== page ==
Mites are arachnids and, as such, evolved from a segmented body with the segments organised into two tagmata: a prosoma (cephalothorax) and an opisthosoma (abdomen). However, only the faintest traces of primary segmentation remain in mites; the prosoma and opisthosoma are fused, and a region of flexible cuticle (the circumcapitular furrow) separates the chelicerae and pedipalps from the rest of the body. This anterior body region is called the capitulum or gnathosoma and, according to some works, is also found in Ricinulei. The remainder of the body is called the idiosoma and is unique to mites.
Most adult mites have four pairs of legs, like other arachnids, but some have fewer. For example, gall mites like
Phyllocoptes variabilis (family Eriophyidae) have a worm-like body with only two pairs of legs; some parasitic mites have only one or three pairs of legs in the adult stage. Larval and prelarval stages have a maximum of three pairs of legs; adult mites with only three pairs of legs may be called 'larviform'. Also members of the Nematalycidae within Endeostigmata, which live between sand grains, have often wormlike and elongated bodies with reduced legs.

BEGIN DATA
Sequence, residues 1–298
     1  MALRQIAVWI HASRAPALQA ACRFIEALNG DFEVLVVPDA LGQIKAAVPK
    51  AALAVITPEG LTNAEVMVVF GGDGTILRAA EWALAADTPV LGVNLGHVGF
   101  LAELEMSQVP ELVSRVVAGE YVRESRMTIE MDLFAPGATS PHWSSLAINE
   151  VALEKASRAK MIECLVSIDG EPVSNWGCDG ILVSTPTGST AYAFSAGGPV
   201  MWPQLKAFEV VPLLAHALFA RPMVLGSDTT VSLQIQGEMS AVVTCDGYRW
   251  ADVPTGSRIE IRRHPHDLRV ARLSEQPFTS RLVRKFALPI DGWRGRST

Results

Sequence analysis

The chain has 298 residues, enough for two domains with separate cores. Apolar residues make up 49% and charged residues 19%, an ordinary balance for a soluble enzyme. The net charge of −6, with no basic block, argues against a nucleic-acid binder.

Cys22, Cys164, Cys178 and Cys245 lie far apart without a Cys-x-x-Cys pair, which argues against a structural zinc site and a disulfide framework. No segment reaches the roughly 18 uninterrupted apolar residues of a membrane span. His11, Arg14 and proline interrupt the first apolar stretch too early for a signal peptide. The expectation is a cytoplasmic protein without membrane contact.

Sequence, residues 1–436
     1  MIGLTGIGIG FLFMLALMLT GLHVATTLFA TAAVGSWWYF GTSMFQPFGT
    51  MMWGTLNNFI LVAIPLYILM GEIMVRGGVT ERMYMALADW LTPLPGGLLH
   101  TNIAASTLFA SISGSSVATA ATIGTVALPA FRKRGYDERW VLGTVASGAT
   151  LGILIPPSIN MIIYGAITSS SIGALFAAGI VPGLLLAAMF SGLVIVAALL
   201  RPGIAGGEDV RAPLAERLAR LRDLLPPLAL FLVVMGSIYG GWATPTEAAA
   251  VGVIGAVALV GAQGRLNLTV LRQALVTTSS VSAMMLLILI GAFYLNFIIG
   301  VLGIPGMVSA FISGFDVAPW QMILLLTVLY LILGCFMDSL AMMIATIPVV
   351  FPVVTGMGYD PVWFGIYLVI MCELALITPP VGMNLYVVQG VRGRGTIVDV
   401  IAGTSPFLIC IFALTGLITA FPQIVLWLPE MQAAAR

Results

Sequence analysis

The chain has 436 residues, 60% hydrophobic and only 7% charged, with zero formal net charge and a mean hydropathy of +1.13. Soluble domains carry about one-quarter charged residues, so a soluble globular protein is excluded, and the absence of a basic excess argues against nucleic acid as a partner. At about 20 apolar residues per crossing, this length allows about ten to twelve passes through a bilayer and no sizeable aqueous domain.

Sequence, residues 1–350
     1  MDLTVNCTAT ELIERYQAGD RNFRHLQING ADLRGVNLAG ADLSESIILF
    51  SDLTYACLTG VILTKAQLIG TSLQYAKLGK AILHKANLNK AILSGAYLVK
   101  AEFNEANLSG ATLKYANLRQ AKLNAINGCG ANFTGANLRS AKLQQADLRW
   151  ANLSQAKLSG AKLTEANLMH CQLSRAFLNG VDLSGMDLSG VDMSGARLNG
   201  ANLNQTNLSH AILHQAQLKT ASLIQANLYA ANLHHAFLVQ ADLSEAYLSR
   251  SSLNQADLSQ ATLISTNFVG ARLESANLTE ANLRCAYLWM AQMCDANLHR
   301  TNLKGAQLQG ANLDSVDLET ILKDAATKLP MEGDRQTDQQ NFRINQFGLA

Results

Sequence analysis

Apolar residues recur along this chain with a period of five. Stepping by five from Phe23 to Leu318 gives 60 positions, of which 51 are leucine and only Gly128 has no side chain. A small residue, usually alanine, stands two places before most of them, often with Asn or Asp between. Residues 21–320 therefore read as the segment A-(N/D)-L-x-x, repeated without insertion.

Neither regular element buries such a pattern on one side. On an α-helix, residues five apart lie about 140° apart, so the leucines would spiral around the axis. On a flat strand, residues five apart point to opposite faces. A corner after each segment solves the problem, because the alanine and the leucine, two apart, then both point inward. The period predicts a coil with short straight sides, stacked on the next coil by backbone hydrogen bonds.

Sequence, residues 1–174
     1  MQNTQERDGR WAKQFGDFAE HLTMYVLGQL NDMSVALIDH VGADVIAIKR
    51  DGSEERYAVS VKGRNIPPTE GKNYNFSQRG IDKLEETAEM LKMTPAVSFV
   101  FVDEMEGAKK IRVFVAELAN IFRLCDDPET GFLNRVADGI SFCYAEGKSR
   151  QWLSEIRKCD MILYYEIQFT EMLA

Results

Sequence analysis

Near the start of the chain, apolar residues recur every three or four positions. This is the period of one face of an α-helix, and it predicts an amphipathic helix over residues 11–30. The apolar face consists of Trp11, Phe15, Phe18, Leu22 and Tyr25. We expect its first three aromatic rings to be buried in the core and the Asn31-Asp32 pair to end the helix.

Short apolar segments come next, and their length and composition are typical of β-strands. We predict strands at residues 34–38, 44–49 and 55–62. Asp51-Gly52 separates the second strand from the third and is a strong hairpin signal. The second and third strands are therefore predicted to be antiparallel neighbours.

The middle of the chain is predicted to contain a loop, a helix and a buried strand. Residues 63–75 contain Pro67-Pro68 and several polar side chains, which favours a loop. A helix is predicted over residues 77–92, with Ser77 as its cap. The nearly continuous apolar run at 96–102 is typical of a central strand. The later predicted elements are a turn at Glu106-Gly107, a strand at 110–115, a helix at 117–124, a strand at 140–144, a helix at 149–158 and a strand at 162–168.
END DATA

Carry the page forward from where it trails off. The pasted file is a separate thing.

The mouth parts of mites may be adapted for biting, stinging, sawing or sucking. They breathe through tracheae, stigmata (small openings of the skin), intestines and the skin itself. Species hunting for other mites have very acute senses, but many mites are eyeless. The central eyes of arachnids are always missing, or they are fused into a single eye. Thus, any eye number from none to five may occur.